Volume 60

Behavioral Modulation of Feeding Kinematics in Goliath Groupers

Huskey, S., A. Rhyne., G. Stoecklin, and N. Konow.
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Date: November, 2007

Pages: 623

Event: Proceedings of the Sixtieth Annual Gulf and Caribbean Fisheries Institute

City: Punta Cana

Country: Dominican Republic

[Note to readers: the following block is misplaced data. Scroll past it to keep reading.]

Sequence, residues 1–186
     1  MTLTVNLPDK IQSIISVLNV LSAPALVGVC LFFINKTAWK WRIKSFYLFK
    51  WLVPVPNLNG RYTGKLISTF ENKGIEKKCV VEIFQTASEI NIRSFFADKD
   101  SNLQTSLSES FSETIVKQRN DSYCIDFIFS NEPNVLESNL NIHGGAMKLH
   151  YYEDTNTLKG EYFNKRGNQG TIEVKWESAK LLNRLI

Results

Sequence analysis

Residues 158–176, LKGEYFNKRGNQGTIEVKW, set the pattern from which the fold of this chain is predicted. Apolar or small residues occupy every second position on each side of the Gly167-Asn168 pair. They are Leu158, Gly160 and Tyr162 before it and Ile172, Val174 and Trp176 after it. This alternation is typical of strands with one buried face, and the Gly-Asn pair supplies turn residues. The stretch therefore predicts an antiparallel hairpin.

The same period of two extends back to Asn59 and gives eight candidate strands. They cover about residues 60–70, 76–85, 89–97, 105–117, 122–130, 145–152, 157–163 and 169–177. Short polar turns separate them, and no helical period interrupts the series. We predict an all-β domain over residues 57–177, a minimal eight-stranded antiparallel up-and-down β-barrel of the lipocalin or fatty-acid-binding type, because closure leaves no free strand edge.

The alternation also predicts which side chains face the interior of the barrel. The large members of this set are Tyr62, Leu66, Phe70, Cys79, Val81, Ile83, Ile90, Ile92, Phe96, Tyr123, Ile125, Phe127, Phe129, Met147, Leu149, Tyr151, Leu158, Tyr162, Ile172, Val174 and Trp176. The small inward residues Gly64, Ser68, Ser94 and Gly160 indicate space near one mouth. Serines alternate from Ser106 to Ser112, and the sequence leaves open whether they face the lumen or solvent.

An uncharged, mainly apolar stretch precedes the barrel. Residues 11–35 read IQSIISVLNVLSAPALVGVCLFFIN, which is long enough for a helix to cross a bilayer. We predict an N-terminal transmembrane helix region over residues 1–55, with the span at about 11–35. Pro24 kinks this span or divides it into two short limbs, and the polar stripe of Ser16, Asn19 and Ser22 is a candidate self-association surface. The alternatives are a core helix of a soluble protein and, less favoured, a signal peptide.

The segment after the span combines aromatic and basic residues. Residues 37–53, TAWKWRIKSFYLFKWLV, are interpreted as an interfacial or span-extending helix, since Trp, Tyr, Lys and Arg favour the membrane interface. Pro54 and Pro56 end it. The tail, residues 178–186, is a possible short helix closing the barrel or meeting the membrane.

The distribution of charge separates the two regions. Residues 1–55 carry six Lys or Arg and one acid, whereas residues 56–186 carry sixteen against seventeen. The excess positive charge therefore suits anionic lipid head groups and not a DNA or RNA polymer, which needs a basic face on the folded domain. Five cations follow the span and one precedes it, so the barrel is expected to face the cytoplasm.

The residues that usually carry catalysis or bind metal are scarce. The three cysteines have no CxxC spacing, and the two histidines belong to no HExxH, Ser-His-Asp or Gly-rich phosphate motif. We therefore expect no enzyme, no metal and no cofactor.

Many fish species employ a variety of behaviors when capturing different functional types of prey, especially among generalist feeders. These behavioral variations are known as modulation and are used to maximize success when feeding on different prey types and in different habitat locations. This analysis was aimed at determining the degree to which goliath groupers, Epinephelus itajara, modulate their feeding behaviors relative to different prey types and locations within the water column. As the largest species of bony fish in North American waters, goliaths are capable of consuming virtually any prey on the reef and thereby play a significant role in shaping reef communities. Goliaths maximized their performance on larger and faster prey striking fastest at live carangids and deep-bodied prey (e.g. Anisotremus surinamensis, Chaetodipterus faber). They accelerated through both the approach and attack phases of the feeding bout while maximizing cranial elevation, jaw gape, and suction generation. Dead prey in the water column elicited greatly reduced feeding kinematics and suction pressures. Interestingly, dead prey presented on the ocean floor were met with highly modified feeding behaviors including body deceleration, minimized gape, and highly focused suction flow patterns that were rarely encumbered with sediment. Goliath groupers have a tremendously broad diet consisting of spiny lobsters, fishes, and even juvenile sea turtles, and their success at capturing these highly variable prey types is certainly a result of their ability to modulate their feeding behaviors relative to the constraints imposed by each prey item.

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